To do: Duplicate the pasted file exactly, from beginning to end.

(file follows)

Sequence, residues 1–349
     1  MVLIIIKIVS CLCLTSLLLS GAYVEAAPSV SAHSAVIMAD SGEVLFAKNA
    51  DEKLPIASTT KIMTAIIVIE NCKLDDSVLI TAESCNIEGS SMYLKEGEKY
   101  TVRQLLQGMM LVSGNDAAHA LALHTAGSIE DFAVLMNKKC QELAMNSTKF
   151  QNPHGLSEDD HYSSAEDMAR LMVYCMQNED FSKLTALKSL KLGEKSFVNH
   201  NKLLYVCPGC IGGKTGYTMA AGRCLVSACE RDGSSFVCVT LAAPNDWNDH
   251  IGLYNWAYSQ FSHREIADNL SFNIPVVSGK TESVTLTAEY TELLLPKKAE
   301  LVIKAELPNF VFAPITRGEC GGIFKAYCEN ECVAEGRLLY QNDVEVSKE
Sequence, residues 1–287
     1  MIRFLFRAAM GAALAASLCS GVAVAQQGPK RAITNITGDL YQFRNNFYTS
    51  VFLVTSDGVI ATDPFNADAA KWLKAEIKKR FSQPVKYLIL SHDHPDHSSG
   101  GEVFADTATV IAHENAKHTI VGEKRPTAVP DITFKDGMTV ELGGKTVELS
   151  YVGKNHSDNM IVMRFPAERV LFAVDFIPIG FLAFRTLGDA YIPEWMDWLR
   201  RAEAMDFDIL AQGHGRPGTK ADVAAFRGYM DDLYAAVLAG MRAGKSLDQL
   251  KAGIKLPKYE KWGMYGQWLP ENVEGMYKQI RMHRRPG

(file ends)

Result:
Sequence, residues 1–349
     1  MVLIIIKIVS CLCLTSLLLS GAYVEAAPSV SAHSAVIMAD SGEVLFAKNA
    51  DEKLPIASTT KIMTAIIVIE NCKLDDSVLI TAESCNIEGS SMYLKEGEKY
   101  TVRQLLQGMM LVSGNDAAHA LALHTAGSIE DFAVLMNKKC QELAMNSTKF
   151  QNPHGLSEDD HYSSAEDMAR LMVYCMQNED FSKLTALKSL KLGEKSFVNH
   201  NKLLYVCPGC IGGKTGYTMA AGRCLVSACE RDGSSFVCVT LAAPNDWNDH
   251  IGLYNWAYSQ FSHREIADNL SFNIPVVSGK TESVTLTAEY TELLLPKKAE
   301  LVIKAELPNF VFAPITRGEC GGIFKAYCEN ECVAEGRLLY QNDVEVSKE
Sequence, residues 1–287
     1  MIRFLFRAAM GAALAASLCS GVAVAQQGPK RAITNITGDL YQFRNNFYTS
    51  VFLVTSDGVI ATDPFNADAA KWLKAEIKKR FSQPVKYLIL SHDHPDHSSG
   101  GEVFADTATV IAHENAKHTI VGEKRPTAVP DITFKDGMTV ELGGKTVELS
   151  YVGKNHSDNM IVMRFPAERV LFAVDFIPIG FLAFRTLGDA YIPEWMDWLR
   201  RAEAMDFDIL AQGHGRPGTK ADVAAFRGYM DDLYAAVLAG MRAGKSLDQL
   251  KAGIKLPKYE KWGMYGQWLP ENVEGMYKQI RMHRRPG